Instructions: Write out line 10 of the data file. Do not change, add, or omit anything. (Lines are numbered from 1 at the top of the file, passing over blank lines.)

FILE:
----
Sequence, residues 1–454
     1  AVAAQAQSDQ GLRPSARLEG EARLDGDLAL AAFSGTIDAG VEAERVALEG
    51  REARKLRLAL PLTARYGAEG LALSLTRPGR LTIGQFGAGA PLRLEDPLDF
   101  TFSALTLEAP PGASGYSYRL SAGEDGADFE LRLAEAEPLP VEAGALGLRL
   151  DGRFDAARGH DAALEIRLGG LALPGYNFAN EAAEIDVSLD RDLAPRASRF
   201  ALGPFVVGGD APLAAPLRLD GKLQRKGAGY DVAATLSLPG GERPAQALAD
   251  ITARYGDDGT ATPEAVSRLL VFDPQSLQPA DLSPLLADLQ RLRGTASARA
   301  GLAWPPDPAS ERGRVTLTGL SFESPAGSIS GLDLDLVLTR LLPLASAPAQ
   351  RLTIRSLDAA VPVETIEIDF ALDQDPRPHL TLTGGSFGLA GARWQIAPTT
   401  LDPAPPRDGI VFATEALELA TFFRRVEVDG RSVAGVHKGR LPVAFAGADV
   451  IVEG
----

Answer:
   401  LDPAPPRDGI VFATEALELA TFFRRVEVDG RSVAGVHKGR LPVAFAGADV